Théophile Gautier 1811–1872
(Full name Pierre Jules Thdophile Gautier) French poet, novelist, novella writer, short story writer, critic, travel writer, and dramatist.
Gautier, or "le bon Théo" ("the good Théo"), as he was often called, is regarded as one of the most popular literary figures of nineteenth-century France. His poetic work is noteworthy both for its complete engagement with important artistic revolutions of its age—shifting from passionate Romanticism to urbane aestheticsm to Parnassian formalism—and for its singular devotion to the themes and techniques of literary decadence, including the intimate connection of death and the erotic, exoticism, self-conscious narration, and allusiveness. Opposed to philistinism and utilitarianism, all of Gautier's work displays a love for material beauty and extravagance, a love of art not for the sake of any use, but a love of, as Gautier noted, "l'art pour l'art," "art for art's sake."
Born in Tarbes, a city in the Pyrenees of southwest France, Gautier soon after moved with his family to Paris, where he would live—except for occasional travels—for the rest of his life. At age eleven, Gautier began attending the Lycée Charlemagne, where he met and befriended Gerard Labrunie, who would later become the writer known as Gerard de Nerval. During this time, Gautier studied painting and began writing poems. Although, in 1829, Gautier gave up painting and embraced the literary life after being introduced to Victor Hugo by Nerval, his passions for visual beauty and for visual description in writing—especially the "transposition d'art" ("transposition of art"), the depiction in writing of a painting or a sculpture—would become hallmarks of his literary works. As an advocate of Romanticism, Gautier—long-haired and dressed in his signature, flamboyant, "rouge gilet" ("red waistcoat")—led efforts to oppose classicists and to promote Romantic drama in the "Battle of Hernani." In 1831, with Nerval and other artist/bohemians, Gautier formed the "Petit Cenacle," and later "Groupe du Doyenne," groups dedicated to Romanticism and to unsettling the sedentary bourgeoisie with eccentric behavior. Eventually, however, Gautier realized a need for steady income and employment. In 1835, he began his career as a journalist, and was employed as an art and drama critic for various Parisian newspapers for the rest of his life. Although his reviews were held in high regard, Gautier viewed his journalism as an impediment that kept him from literature, which he believed to be his life's true work. The monotony of work
was occasionally broken by travel, including trips to Spain, Italy, Russia, and the Middle East, and was assuaged by romantic liasons and a passionate, though unrequited, love for the ballerina Carlotta Grisi. Although not actively engaged in politics, Gautier's health was adversely affected by the Prussian siege of Paris in 1870 and the turmoil which followed. Gautier died of heart disease in 1872.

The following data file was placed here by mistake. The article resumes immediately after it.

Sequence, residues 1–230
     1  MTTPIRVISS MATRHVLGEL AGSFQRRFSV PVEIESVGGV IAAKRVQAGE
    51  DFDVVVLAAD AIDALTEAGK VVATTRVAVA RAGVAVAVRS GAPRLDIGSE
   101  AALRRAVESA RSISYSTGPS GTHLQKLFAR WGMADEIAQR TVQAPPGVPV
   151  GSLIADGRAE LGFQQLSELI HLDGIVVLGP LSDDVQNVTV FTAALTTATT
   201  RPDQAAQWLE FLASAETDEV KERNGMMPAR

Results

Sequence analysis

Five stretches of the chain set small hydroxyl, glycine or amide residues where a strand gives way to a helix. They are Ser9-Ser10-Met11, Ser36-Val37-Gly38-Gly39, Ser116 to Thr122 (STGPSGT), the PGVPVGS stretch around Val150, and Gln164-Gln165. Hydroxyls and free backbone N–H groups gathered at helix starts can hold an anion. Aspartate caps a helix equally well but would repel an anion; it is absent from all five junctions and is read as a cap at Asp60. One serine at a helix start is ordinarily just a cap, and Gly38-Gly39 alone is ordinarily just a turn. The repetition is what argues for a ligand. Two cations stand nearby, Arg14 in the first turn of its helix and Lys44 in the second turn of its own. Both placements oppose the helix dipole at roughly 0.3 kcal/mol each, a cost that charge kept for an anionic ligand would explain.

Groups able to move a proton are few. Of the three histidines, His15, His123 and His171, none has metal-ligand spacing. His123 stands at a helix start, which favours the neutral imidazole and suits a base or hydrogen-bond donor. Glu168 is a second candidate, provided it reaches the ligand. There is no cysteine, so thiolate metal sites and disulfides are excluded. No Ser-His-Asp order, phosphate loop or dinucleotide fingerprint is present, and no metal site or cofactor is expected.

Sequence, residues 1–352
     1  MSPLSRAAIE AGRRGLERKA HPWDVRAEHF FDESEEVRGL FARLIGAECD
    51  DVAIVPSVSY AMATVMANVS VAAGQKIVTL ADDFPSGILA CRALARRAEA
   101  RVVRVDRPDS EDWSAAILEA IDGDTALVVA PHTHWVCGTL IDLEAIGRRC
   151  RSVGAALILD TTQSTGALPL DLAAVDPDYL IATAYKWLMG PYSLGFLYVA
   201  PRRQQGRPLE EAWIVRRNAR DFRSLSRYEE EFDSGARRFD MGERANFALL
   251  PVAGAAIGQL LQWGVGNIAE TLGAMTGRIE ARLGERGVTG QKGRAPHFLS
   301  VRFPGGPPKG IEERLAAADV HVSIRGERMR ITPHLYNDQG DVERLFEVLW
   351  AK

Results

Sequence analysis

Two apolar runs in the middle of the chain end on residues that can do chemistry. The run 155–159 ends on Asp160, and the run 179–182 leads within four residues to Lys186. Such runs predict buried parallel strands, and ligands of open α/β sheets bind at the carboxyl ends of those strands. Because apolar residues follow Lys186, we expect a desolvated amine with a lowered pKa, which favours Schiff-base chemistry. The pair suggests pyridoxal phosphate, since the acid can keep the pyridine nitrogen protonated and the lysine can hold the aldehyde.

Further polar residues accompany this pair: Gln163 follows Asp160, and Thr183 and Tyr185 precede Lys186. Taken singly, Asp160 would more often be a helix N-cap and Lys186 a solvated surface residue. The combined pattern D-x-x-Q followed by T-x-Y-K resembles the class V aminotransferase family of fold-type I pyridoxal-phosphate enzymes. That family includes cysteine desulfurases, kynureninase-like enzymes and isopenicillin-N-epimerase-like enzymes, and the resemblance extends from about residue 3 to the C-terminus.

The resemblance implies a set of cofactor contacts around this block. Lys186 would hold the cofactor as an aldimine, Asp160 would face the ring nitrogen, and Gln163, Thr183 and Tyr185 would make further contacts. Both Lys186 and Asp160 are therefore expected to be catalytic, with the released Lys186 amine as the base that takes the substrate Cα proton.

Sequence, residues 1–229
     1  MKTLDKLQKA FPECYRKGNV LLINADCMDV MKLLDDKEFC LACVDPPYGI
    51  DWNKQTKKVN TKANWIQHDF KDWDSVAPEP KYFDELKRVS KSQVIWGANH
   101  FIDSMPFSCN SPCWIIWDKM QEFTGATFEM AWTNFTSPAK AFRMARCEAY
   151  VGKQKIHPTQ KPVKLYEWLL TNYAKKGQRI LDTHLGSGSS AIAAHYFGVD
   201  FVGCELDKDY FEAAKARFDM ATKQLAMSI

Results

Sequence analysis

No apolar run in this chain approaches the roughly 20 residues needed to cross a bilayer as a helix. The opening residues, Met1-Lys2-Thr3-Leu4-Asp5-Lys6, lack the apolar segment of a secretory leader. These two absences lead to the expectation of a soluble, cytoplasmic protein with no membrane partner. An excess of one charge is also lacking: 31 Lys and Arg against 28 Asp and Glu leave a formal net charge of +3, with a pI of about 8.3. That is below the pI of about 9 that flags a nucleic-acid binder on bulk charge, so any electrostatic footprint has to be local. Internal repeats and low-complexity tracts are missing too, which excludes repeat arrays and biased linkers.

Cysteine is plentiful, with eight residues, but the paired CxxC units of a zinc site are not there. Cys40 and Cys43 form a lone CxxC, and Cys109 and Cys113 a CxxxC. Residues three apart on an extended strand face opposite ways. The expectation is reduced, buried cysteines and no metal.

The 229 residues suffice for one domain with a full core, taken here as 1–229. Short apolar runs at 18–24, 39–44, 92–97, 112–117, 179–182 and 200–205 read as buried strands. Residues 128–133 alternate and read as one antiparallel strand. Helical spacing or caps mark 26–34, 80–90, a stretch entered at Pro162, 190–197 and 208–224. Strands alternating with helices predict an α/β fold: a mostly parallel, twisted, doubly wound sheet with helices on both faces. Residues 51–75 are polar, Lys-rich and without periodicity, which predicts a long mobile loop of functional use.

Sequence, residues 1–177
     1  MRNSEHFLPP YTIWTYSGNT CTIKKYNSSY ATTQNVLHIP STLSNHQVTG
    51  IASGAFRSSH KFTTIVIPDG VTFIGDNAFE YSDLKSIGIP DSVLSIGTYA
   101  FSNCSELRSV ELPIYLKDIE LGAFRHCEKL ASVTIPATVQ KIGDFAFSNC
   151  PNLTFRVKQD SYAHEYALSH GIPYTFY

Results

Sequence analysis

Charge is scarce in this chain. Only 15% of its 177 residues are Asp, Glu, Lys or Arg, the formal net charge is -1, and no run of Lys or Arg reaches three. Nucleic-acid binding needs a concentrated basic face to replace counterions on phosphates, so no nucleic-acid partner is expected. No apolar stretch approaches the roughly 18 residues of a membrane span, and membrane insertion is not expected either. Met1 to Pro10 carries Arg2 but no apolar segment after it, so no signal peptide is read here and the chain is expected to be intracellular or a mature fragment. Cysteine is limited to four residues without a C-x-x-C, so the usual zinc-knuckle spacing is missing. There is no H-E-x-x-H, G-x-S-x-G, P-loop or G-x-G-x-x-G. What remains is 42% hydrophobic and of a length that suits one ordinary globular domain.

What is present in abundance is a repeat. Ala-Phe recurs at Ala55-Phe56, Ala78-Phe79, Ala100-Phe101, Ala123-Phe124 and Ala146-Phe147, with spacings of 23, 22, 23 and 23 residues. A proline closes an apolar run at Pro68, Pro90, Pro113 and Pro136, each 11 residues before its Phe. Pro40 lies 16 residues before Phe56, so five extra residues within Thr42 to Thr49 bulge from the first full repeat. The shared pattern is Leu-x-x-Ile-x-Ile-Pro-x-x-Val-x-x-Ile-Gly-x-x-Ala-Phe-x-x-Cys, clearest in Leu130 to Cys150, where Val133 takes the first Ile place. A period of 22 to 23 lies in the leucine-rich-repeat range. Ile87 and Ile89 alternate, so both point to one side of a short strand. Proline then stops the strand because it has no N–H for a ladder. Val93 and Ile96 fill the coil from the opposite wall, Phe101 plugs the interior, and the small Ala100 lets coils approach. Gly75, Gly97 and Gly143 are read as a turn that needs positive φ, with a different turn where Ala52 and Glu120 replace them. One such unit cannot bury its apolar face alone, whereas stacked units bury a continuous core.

Released during the July Revolution in 1830, the publication of Gautier's Poésies (1830; Poems), a collection of standard themes in standard verse, went virtually unnoticed. His next collection, Albertus ou l'ame et le péché (1833; Albertus, or the Soul and the Sin), included work from Poésies, new poems in the same mode, and a long, narrative poem, "Albertus," which parodied the satanism then fashionable in literature. Though self-referential and often humorous, "Albertus" introduces the themes of the prominence of art and the spectacle of death which would guide Gautier's writing through La comédie de la Mort (1838; The Comedy of Death) and España (1845; Spain), a collection of poems inspired by a five-month trip through Spain. In his last—and what many consider his most important—collection, Emaux et camées (1852-translated as Enamels and Cameos and Other Poems, 1903), Gautier's poetry changes profoundly, becoming compact and chiselled, treating, as Gautier said, "tiny subjects in a severely formal way."
Although Charles Baudelaire dedicated his Les fleurs du mal to "the impeccable poet, the gentle enchanter of French letters … Théophile Gautier," and although at the time of his death eighty fellow writers composed poems in honor of him, Gautier's position as one of the major poets of nineteenth-century France is currently considered questionable. While many critics note the influence of Gautier's impersonal, formal ideals on Parnassians, Acmeists, and Modernists, including T.S. Eliot and Ezra Pound, most believe either that Gautier's poetry simply lacks the profound intensity and spirit—as found in the work of Baudelaire—which is necessary to make poetry great, or that the poetry actively suffers from being mere stylism and escapism. Influenced by deconstructivist theory, some more recent criticism has attempted to excavate the seductive elements of Gautier's self-aware, ironic, and distanced poetry.